On Saturday, June 30, a group of BBA members and staff canvassed for Yes on 3: Freedom for All Massachusetts to spread the word about the importance of upholding public accommodations protections for transgender people in the Commonwealth.  Braving the heat wave, they spent three hours going door-to-door in Quincy, MA, engaging voters in a dialogue about the issue.  Collectively, volunteers at the canvass had close to 100 conversations with voters, moving us that much closer to making sure that we hear a resounding “YES” in November on upholding equality.

We asked a couple of volunteers about their experiences at the canvass:

“The news is full of stories of people being demonized just for trying to live their lives in safety and dignity.  I volunteered because it was an opportunity to help change that narrative.”  – Valarie Rosen, In-House Attorney

“The canvass emphasized for me the importance of engaging people around this issue. I had one conversation that I felt really made a difference in that voter’s willingness to vote to keep the law—despite his initial hesitation, at the end of our time talking he said that he agreed that no one should face discrimination based on who they are. I also talked to several people who were strong supporters of transgender rights, but didn’t realize that the question will be on the ballot in November!  I will definitely take part in future canvasses to make sure that more voters are ready to vote Yes on 3.” – Hannah Poor, BBA Staff Member

If you are interested in joining in the fight for equality, check out our recent Action Alert, which contains information about ways to get involved with the campaign.  Please help us spread the word!

“Innate Leadership:” Boston Bar Recognizes Chief Justice Paul Dawley’s Judicial Service with the 2018 Haskell Cohn Award

Hon. Paul Dawley and BBA President Mark Smith

When asked what drives his ongoing commitment to our Commonwealth’s judiciary, District Court Chief Justice Paul C. Dawley reflects on how the role of the district courts has evolved over the last decade beyond solely being a decision-making body.

“In addition to that, the court is in some respect a problem-solving vehicle,” Chief Justice Dawley noted.  “People come to the court, whether it’s for domestic violence protection orders or mental health proceedings to get somebody in their family mental health treatment or to access drug treatment.  All of those things happen on a daily basis in our 62 courts.  Our courts will handle about a quarter of a million cases a year.”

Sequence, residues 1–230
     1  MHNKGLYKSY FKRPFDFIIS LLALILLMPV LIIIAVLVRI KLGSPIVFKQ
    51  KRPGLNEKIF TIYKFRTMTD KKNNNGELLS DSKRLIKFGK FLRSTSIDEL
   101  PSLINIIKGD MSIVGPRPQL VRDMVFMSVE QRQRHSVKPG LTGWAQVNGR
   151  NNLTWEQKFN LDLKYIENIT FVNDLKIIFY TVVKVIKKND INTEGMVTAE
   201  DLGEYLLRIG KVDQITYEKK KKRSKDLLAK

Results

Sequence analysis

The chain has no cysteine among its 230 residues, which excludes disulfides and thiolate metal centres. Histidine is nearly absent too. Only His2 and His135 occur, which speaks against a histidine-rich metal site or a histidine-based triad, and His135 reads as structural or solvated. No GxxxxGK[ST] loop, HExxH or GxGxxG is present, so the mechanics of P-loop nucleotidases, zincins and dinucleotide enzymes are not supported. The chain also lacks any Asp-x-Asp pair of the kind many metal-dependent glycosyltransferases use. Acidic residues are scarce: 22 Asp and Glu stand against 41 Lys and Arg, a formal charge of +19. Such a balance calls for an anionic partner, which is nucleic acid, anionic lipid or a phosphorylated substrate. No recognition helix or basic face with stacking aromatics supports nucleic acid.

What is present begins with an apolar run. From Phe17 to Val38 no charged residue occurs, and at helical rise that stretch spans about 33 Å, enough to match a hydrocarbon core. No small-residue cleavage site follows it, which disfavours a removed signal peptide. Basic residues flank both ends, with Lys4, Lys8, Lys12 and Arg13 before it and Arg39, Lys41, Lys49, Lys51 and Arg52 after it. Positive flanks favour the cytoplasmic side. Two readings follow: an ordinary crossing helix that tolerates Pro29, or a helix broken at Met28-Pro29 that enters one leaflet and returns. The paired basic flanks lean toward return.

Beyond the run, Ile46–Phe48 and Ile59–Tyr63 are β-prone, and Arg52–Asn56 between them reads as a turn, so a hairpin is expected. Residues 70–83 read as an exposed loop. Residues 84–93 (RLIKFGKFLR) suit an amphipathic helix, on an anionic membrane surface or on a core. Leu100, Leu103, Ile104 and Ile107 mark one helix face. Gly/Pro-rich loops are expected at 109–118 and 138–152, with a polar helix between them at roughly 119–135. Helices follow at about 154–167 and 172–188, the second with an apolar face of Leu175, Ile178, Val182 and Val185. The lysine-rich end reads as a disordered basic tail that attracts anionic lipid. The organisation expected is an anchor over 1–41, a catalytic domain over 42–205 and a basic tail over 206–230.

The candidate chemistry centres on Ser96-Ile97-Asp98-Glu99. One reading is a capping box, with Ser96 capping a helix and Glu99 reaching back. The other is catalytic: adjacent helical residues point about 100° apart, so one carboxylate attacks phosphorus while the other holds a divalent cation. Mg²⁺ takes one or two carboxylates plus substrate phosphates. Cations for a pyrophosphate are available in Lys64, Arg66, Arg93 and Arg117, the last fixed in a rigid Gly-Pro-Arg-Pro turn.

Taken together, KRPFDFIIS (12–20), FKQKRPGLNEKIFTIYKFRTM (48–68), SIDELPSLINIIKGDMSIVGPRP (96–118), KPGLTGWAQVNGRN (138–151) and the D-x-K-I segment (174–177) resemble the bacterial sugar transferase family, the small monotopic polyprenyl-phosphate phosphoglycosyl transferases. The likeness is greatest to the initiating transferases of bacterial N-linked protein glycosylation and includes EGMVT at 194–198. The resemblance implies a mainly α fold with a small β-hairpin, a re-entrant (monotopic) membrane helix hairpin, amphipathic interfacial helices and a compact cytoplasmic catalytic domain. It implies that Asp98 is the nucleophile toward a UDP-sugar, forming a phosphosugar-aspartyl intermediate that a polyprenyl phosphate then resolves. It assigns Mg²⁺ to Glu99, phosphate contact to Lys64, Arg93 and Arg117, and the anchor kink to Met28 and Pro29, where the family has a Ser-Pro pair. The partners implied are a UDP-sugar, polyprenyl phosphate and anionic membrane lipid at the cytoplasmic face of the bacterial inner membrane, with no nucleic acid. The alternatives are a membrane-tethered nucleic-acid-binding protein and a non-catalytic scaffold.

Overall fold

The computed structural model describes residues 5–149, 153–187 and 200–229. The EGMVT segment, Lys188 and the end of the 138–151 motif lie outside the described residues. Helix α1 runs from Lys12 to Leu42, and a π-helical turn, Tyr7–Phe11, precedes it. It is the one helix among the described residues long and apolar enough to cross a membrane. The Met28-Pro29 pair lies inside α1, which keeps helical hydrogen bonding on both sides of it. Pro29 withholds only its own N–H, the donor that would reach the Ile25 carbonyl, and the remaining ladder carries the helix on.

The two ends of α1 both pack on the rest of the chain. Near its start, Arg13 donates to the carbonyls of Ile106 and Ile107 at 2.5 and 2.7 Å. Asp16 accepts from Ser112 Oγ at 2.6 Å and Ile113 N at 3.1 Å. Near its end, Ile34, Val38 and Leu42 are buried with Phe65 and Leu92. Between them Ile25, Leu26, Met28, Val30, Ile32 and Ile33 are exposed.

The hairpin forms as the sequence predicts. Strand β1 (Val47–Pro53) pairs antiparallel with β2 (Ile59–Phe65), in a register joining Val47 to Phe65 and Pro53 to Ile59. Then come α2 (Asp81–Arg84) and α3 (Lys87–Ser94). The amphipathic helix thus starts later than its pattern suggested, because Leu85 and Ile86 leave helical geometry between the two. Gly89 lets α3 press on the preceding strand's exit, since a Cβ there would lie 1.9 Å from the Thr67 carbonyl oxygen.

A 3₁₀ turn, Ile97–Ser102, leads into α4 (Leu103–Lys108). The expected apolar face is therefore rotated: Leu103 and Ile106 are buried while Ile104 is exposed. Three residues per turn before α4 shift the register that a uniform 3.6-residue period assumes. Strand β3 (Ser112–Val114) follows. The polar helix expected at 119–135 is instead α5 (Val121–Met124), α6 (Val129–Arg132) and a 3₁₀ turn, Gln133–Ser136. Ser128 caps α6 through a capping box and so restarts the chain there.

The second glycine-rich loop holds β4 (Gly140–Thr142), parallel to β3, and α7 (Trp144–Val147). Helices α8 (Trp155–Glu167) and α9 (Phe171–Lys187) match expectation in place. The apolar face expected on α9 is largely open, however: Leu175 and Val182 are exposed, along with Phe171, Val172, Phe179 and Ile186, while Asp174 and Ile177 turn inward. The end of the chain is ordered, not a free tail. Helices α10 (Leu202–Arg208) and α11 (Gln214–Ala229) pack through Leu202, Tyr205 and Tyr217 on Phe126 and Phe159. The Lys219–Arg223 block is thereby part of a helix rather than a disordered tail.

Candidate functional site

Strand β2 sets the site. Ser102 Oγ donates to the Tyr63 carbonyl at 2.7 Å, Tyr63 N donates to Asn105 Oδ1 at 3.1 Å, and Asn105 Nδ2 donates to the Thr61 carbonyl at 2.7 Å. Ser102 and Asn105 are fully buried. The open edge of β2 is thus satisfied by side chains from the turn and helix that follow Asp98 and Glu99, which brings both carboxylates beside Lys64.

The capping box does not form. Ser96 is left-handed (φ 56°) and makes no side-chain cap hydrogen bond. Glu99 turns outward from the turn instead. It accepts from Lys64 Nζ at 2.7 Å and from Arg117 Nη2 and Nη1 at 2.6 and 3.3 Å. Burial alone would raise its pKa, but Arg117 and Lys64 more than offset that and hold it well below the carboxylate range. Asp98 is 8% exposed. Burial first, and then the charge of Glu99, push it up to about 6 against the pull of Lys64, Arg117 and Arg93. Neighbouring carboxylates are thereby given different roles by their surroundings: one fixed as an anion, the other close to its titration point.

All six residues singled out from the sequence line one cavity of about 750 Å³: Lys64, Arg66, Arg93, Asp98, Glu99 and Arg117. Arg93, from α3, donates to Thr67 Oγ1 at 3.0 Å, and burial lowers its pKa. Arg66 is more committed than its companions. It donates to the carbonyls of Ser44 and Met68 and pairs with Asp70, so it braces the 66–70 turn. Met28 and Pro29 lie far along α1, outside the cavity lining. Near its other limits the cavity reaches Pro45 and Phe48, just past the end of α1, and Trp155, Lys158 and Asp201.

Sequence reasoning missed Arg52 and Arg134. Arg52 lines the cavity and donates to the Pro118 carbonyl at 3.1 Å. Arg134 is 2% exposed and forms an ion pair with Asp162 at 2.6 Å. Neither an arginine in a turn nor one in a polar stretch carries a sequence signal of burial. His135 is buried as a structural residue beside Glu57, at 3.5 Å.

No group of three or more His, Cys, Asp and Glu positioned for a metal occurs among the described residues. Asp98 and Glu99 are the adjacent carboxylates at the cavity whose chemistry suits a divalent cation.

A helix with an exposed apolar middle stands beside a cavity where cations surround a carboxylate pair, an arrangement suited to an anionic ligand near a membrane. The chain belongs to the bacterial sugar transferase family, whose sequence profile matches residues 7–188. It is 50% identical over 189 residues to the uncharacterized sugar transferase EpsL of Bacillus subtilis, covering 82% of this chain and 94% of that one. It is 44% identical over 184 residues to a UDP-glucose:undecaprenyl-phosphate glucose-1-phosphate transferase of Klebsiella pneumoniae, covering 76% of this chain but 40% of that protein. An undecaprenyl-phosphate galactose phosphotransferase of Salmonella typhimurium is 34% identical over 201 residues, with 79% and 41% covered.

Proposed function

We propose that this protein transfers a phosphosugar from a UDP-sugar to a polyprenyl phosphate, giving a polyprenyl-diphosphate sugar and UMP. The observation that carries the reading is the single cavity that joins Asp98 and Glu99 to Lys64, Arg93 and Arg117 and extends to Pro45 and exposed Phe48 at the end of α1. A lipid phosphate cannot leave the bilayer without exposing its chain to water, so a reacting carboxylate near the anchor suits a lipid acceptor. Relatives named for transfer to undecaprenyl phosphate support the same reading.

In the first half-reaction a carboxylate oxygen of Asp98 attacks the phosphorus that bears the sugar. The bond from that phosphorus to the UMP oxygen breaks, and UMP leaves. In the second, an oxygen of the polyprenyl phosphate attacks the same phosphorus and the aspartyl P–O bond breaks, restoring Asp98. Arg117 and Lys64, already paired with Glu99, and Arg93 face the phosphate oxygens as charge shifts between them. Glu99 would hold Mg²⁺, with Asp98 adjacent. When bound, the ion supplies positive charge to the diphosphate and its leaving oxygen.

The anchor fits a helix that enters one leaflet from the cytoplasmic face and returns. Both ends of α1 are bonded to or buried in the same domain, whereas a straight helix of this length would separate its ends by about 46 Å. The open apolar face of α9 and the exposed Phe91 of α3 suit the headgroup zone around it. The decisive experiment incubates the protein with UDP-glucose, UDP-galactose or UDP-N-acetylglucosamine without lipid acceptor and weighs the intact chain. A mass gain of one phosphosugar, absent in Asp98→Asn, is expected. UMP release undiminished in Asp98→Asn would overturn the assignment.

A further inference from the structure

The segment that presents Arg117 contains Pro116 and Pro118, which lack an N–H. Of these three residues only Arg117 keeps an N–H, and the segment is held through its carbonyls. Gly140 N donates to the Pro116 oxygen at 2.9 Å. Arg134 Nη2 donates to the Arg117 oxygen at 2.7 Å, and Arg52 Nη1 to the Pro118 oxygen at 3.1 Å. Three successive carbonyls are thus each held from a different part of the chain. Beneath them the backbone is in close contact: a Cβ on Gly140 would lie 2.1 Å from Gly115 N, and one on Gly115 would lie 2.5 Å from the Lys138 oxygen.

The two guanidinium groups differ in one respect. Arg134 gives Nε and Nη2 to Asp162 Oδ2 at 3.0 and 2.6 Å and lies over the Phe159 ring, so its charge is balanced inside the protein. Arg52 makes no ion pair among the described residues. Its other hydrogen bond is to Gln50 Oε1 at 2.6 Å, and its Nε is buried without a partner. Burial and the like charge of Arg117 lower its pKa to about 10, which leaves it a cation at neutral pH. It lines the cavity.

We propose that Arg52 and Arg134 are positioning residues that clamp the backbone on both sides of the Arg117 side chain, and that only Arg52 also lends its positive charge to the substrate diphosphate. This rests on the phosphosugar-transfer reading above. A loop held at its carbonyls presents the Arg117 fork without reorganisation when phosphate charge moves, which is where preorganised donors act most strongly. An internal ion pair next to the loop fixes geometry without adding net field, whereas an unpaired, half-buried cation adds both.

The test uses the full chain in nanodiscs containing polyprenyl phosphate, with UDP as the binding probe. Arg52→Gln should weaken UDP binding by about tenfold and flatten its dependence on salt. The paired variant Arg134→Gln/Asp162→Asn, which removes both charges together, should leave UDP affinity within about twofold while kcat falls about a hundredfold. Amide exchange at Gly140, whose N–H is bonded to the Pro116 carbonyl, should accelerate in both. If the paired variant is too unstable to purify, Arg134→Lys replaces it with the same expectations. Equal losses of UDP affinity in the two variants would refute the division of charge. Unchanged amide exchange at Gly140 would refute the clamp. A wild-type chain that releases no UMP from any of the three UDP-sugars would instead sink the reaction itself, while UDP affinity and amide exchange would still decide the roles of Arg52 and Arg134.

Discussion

In his 17 years on the bench, Chief Justice Dawley has proved himself to be a dedicated guardian of equal justice.  Dawley was appointed as an Associate Justice of the Brockton District Court in 2001 by Governor Jane Swift.  In 2005, he was appointed as a Regional Administrative Justice of Region 2 in the District Court Department.  In 2009, he was appointed as First Justice of the Brockton District Court.

Boston Bar Association President Mark D. Smith shared his thoughts on what makes Chief Justice Dawley an ideal recipient of the 2018 Haskell Cohn Award for Distinguished Judicial Service.

“The District Court Department, the largest court department in the Commonwealth, has faced significant challenges in the past few years,” Smith observed.  “With his wealth of experience and keen insight, Judge Paul Dawley has led the charge as Chief Justice of the busiest courts in Massachusetts and brought about progressive change and creative solutions to ongoing challenges facing the department.  The department and the citizens of the Commonwealth are extremely fortunate to have had Judge Dawley at the helm during what has been, and continues to be, a pivotal time period for the criminal justice system.”